TIKRIT, Iraq – During a pre-deployment brief inside King’s Field House at Fort Riley, Kan., last year, Maj. Gen. Tony Cucolo, the Task Force Marne commander, out of Fort Stewart, Ga., referred to the 4th Infantry Brigade Combat Team, 1st Infantry Division as the “closers.”
Since deploying to the Salah ad Din province, last fall, the ‘Dragon’ brigade has lived up to the connotation by returning 12 former U.S. military forward operating bases to the Iraqi government and overseeing a successful parliamentary election in March.
The success of the brigade is due in large part to the leaders who have not allowed complacency by continuing to train their Soldiers throughout the deployment.
As part of that training, Soldiers of Headquarters and Headquarters Company, 4IBCT conducted a weapons zero and qualification range, June 15-18 at Contingency Operating Base Speicher.
“Anytime you can [conduct] individual training or collective training during peacetime, back in [garrison] or in combat; it keeps the Soldiers on edge, and it makes sure their skills are honed,” said Command Sgt. Maj. Michael S. McCoy, the top non-commissioned officer of the ‘Dragon’ brigade.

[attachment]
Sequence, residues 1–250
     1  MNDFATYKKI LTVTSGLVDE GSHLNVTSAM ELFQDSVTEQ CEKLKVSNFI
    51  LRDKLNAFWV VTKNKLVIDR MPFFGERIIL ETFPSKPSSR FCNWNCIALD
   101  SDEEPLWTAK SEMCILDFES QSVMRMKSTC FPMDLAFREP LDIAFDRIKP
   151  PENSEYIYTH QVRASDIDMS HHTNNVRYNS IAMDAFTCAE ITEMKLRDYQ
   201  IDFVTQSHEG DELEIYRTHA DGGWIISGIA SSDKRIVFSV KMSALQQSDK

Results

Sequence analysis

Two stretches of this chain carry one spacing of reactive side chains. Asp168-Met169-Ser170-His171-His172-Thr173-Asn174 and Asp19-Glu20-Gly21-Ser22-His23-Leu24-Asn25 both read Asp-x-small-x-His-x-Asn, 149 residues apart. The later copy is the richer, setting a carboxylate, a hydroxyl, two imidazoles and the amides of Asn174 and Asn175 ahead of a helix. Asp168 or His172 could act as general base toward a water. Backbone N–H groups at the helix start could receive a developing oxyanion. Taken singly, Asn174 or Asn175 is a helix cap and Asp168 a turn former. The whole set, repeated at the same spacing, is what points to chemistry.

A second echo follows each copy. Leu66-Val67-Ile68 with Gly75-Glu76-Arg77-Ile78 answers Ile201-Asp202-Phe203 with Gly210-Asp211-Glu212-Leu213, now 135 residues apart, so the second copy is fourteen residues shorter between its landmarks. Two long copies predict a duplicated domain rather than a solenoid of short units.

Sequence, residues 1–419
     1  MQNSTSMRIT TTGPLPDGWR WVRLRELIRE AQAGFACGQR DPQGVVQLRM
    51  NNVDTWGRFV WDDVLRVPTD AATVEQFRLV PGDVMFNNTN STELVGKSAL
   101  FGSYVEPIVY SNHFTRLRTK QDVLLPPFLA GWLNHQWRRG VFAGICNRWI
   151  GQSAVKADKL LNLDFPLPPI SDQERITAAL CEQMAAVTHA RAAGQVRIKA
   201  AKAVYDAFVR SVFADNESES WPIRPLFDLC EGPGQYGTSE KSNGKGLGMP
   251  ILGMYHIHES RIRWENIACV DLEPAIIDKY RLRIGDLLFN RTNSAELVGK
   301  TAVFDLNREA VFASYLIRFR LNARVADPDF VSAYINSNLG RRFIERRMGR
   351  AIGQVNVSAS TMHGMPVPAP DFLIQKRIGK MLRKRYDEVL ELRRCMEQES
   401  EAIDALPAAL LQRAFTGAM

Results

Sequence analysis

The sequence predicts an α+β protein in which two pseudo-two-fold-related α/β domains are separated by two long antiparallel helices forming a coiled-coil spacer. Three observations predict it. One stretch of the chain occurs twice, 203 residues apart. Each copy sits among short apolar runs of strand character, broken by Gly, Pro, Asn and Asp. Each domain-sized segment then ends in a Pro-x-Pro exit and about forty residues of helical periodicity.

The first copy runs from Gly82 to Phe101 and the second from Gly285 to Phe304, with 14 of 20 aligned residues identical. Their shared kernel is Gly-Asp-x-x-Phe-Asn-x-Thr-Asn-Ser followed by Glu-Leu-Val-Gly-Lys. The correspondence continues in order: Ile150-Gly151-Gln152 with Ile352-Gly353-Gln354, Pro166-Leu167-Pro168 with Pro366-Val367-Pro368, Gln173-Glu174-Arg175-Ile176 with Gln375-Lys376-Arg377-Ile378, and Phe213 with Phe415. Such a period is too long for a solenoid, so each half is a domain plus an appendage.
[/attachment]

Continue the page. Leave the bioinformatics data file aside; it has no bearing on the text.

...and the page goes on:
Staff Sgt. Justin Sloan, the brigade intelligence NCO and the range safety non-commissioned officer in charge with HHC, 4IBCT said that training conducted while in theater is very important because it keeps Soldiers focused and mitigates complacency by breaking up the monotony of an everyday routine.
“It’s critically important, especially while you’re in theater, to [continue to train],” said the Lawrenceville, Ga., native.
“You have to go back and re-instill the discipline and the marksmanship that’s necessary to maintain your soldiering skills,” he added.
In order to qualify, each Soldier had to achieve a minimum score of 23 out of 40 by engaging 50 to 300 mm targets from three different firing positions: the prone-supported, the prone-unsupported and kneeling.
This work, Dragon brigade Soldiers stay trained, ready in Iraq, by SGT Shantelle Campbell, identified by DVIDS, is free of known copyright restrictions under U.S. copyright law.